CHICAGO (AP) — Students in the nation's third-largest district returned to classrooms Wednesday after Chicago Public Schools canceled five days of classes amid a standoff with the teachers union over COVID-19 safety protocols.
Their return happened the same day the full membership of the Chicago Teachers Union gave their stamp of approval to the hard-fought safety plan that includes expanded testing and metrics to shut down individual schools during outbreaks.
Leaders of the union gave their tentative approval two days earlier allowing children to return. They urged members to accept it, acknowledging that teachers didn't get initial demands including a commitment to use remote learning districtwide during a surge of COVID-19 infections.
Union President Jesse Sharkey said the agreement “wasn’t a home run" but was “as much as we could get right now."
Chicago's struggles to keep educating children during the omicron variant's surge are similar to those faced by districts across the country, but the latest high-profile fight between teachers and Mayor Lori Lightfoot, a Democrat, forced attention from the White House and governor's office.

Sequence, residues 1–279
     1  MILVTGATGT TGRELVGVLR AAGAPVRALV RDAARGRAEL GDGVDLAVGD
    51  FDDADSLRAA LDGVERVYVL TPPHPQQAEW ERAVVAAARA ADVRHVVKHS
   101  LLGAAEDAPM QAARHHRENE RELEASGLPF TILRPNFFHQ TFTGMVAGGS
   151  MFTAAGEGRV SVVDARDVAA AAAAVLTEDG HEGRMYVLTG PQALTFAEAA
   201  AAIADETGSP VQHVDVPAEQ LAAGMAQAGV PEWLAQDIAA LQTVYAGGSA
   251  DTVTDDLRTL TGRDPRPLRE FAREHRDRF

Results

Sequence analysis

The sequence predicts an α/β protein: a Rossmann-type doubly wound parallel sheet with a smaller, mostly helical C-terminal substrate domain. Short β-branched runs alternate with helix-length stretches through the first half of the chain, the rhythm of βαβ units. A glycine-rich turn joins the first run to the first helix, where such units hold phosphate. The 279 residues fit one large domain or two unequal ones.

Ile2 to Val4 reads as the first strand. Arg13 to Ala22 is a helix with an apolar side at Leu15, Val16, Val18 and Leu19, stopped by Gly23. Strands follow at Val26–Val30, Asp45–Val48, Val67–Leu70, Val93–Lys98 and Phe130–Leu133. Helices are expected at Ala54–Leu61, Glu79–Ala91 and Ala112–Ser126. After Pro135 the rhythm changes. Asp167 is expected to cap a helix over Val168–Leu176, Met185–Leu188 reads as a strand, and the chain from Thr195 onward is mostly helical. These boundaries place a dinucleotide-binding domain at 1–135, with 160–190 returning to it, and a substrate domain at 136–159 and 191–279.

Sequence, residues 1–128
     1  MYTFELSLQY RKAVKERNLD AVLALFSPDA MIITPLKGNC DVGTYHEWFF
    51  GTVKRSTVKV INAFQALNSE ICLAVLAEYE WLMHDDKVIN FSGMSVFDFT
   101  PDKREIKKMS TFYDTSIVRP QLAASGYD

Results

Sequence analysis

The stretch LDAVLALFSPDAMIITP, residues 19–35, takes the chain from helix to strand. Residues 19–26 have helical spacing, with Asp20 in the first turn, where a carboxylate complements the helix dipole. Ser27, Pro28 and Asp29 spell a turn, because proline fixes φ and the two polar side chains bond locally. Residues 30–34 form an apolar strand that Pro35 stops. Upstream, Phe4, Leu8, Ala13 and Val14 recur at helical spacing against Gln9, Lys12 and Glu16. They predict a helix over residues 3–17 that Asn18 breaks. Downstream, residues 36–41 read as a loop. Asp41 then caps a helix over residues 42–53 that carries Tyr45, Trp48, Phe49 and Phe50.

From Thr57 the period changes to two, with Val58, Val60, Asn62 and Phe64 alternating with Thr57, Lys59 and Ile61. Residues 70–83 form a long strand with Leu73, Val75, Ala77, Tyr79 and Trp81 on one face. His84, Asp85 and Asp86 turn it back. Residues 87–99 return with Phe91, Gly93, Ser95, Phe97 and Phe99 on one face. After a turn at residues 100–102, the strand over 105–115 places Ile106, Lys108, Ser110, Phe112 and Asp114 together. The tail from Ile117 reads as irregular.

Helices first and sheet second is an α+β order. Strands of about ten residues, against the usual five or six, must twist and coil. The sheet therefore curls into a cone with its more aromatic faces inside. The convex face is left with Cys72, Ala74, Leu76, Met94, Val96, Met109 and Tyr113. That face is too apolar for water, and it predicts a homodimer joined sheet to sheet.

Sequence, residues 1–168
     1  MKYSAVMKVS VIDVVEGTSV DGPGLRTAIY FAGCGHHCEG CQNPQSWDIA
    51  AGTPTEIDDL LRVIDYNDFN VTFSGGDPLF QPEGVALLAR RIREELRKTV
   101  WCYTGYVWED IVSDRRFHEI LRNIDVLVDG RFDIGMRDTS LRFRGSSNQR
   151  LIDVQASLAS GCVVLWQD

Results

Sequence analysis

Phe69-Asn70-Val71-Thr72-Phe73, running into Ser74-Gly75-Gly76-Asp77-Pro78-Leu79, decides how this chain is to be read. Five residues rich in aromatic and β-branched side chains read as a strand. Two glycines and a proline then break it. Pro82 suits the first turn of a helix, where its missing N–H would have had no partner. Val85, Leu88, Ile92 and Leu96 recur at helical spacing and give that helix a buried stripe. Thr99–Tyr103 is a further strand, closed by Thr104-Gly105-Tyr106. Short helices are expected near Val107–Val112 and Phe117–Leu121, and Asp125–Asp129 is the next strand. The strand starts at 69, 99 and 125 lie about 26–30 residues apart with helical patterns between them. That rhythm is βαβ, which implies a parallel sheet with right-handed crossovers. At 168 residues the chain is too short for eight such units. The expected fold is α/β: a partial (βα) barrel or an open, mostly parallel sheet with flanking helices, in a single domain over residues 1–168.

The union, which voted last week to revert to online instruction, told teachers not to show up to schools starting Jan. 5 while talks took place
Lightfoot — who disclosed Tuesday that she had tested positive for COVID-19 and was isolating at home — repeatedly refused to agree to remote learning districtwide. She also opposed teachers’ demands for a testing program that could randomly test all students unless their parents opted out.
For parents and students in Chicago, the return to school buildings brought mixed emotions.
Derrontae Gonzalez, the mother of a 5-year-old boy and a 12-year-old girl in Chicago schools, said she understands why teachers pushed for stricter COVID-19 protocols. But she told The Chicago Sun-Times that the days of cancelled classes were difficult, particularly for her son who has a learning disability.
“I’m not concerned," Gonzalez said of Wednesday's return to classrooms. “I think the school takes precautions to make sure kids are safe. And I make sure my kids have masks.”
Trinity Washington, a freshman at a high school on the city's Northwest Side, said she supported the teacher's push and plans to be more cautious about keeping a mask on at school. She noted that a school dean has contracted COVID-19 and is on a ventilator.
“I feel like everyone should just go home and stay virtual because it feels like everyone in our building is just getting sick and sick and sick,” she said.
Sophia Tareen And Kathleen Foody, The Associated Press